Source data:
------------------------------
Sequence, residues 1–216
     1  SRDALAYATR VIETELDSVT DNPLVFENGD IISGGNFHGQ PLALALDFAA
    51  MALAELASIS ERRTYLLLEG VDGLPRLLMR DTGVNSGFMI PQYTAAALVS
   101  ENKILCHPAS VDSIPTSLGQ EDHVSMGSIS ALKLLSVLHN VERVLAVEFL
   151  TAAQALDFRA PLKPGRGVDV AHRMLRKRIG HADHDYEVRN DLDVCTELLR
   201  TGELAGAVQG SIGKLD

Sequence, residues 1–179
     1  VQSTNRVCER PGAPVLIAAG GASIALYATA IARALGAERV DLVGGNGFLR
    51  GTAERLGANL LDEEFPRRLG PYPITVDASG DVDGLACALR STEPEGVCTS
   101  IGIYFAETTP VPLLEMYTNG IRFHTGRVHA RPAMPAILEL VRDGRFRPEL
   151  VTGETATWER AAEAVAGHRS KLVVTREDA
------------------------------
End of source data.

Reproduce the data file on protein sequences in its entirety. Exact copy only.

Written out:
Sequence, residues 1–216
     1  SRDALAYATR VIETELDSVT DNPLVFENGD IISGGNFHGQ PLALALDFAA
    51  MALAELASIS ERRTYLLLEG VDGLPRLLMR DTGVNSGFMI PQYTAAALVS
   101  ENKILCHPAS VDSIPTSLGQ EDHVSMGSIS ALKLLSVLHN VERVLAVEFL
   151  TAAQALDFRA PLKPGRGVDV AHRMLRKRIG HADHDYEVRN DLDVCTELLR
   201  TGELAGAVQG SIGKLD

Sequence, residues 1–179
     1  VQSTNRVCER PGAPVLIAAG GASIALYATA IARALGAERV DLVGGNGFLR
    51  GTAERLGANL LDEEFPRRLG PYPITVDASG DVDGLACALR STEPEGVCTS
   101  IGIYFAETTP VPLLEMYTNG IRFHTGRVHA RPAMPAILEL VRDGRFRPEL
   151  VTGETATWER AAEAVAGHRS KLVVTREDA